Heritage

Nazi Flag next to Confederate Flag
Found at sodahead.com.

Imagine you had an older brother who worked very hard doing some back-breaking manual labor job. Each and every day, your brother would toil, growing ill, his hands bleeding from the hard work.

Now, imagine that each and every day, you witnessed this older brother collect some meager pay for the job. And each and every evening, when, spent, he would walk home, you would witness a bigger guy beat your brother up and take all of his money. Fearful, you hide in the bushes, because you know if you step in and try to help, the bigger guy will KILL you because you’re pretty small and you’ve never learned how to fight.

So you feel helpless, and while your brother is being robbed of everything he worked so hard to earn, all you can do is look at the big red bag that this thief carries on him. When he’s done torturing your brother, he places the money in the red bag and walks off, leaving your brother with nothing, another day lost.

This happens each day, and perhaps you do manage to learn to fight and grow stronger, but when you try to stand up to the bully, he is still bigger, and stronger, and he has bigger and stronger friends, and they rob you, too.
And each of them carries a red bag. And each day, you find yourself staring at that red bag, and that red bag becomes a symbol to you – something that you associate with fear and pain and hopelessness.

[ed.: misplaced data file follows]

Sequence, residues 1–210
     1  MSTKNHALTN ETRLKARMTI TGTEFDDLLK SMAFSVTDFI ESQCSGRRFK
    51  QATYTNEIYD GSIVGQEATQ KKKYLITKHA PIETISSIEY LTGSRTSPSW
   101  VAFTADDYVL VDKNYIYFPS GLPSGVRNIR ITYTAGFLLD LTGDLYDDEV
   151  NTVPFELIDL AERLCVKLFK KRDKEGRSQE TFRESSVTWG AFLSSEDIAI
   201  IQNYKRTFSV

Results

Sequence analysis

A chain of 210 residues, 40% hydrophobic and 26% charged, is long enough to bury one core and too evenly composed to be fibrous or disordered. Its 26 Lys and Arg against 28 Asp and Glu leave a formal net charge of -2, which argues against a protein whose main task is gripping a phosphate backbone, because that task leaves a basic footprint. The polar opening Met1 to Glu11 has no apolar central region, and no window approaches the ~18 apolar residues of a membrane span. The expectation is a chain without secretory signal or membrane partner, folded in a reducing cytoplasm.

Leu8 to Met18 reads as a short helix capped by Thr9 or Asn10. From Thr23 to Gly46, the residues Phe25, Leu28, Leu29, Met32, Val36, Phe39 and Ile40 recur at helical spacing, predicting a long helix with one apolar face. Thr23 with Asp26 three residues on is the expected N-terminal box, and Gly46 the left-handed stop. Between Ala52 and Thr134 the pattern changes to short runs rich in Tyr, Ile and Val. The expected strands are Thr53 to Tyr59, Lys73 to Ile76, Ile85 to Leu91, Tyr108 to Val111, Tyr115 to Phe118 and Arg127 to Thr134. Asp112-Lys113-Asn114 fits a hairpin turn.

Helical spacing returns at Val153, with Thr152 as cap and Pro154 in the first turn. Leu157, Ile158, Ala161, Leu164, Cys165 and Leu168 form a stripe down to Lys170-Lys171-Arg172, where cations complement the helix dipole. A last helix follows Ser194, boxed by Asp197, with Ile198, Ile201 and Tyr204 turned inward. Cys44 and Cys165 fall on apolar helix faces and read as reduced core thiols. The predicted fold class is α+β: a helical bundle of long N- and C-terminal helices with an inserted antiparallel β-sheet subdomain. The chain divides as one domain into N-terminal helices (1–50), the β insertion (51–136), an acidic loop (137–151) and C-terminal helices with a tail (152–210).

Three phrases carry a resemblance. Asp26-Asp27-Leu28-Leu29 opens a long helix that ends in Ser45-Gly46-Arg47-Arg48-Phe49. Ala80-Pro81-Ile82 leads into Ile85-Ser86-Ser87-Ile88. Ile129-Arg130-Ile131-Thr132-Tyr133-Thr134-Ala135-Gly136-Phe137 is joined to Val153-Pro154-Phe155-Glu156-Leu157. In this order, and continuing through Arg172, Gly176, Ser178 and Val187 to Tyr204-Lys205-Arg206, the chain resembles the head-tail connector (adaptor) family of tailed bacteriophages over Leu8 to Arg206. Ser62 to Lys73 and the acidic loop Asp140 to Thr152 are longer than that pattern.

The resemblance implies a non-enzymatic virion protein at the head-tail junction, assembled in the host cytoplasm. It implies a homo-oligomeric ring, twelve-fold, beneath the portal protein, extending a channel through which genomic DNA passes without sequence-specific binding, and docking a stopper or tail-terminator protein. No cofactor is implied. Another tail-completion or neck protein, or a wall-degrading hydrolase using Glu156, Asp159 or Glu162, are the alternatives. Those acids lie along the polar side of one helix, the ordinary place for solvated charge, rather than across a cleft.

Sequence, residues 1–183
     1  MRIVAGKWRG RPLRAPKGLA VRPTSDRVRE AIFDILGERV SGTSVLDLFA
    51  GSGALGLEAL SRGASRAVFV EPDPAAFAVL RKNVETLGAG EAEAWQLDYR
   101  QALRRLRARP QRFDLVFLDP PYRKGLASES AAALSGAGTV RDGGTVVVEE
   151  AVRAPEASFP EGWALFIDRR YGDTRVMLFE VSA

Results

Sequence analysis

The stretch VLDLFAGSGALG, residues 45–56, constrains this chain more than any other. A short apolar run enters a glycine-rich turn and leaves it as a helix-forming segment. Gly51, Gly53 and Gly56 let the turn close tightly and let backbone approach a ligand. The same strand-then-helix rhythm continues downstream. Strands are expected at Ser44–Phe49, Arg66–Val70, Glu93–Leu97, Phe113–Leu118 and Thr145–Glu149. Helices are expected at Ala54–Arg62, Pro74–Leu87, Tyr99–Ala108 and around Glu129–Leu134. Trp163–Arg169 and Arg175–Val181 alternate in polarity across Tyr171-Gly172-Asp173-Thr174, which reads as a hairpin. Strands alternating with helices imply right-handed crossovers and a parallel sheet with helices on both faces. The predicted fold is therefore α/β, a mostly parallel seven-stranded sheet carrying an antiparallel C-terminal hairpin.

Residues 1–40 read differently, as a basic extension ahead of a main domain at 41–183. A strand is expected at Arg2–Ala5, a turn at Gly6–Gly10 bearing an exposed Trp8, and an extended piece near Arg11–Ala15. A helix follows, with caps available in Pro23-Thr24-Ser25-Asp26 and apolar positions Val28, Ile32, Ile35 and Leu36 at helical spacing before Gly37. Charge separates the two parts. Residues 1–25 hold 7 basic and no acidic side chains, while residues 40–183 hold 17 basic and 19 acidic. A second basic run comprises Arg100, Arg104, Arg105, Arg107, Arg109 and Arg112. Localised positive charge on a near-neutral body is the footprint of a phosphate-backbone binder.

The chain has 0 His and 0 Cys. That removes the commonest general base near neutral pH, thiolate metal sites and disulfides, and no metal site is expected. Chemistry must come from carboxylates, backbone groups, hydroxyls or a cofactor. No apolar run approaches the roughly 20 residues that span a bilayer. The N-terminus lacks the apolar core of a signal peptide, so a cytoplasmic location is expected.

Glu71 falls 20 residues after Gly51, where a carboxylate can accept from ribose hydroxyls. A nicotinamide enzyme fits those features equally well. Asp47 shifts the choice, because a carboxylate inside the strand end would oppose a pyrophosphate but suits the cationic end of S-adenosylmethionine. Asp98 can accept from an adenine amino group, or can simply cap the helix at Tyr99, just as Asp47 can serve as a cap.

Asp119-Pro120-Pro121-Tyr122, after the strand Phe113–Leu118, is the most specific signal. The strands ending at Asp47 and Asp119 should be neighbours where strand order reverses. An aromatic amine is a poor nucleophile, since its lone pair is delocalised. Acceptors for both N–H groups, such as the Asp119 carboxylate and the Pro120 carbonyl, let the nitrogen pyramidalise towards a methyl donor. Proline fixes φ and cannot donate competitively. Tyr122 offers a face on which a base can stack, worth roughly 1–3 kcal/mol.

Sometimes, you manage to get home really quickly, and you give your money to your mother to buy food, but sometimes, the men carrying the red bags find out and come and beat up your mother, too.

When you band together with other friends in your neighborhood, trying to seek safety in numbers, the men carrying the bags come at night and burn down your house, or your friends’ houses. And every time, you just keep seeing that red bag, the bag that took all of your hard work, and all of your dreams.

Over time, you would never want to see that red bag. You would tell your children, and your children’s children, to beware the men with the red bags.

Suppose, still, that some men from a different village came along and said they were going to protect you from the men with the red bags, and they actually fought those men, and made them stop taking everything you’ve earned.

The men from the other village beat up the men with red bags, and shamed them, and took away all of their stolen money, but they only gave a little of it back to you. Then they went away again, leaving you to deal with the men with the red bags.

The men with the red bags are no longer as powerful. But sometimes, they still come in the night, and you never know when, and instead of stealing your money, they just destroy everything they can to remind you that they still have power over you, and because they want to punish you for what the men in the other village did to them.

Imagine that the men with red bags hang those bags high on poles in the town square as a symbol of the time when they were on top, the time before the men from the other village came along and took away the contents of the red bag. The Glory Days.

And all these many years, you still never know when a man with a red bag will turn up and do you harm. They come to burn, they come to kill, even as you try to forgive them, and invite them to pray with you.

And still, you look at the red bags, and you feel anger, fear, and resentment.

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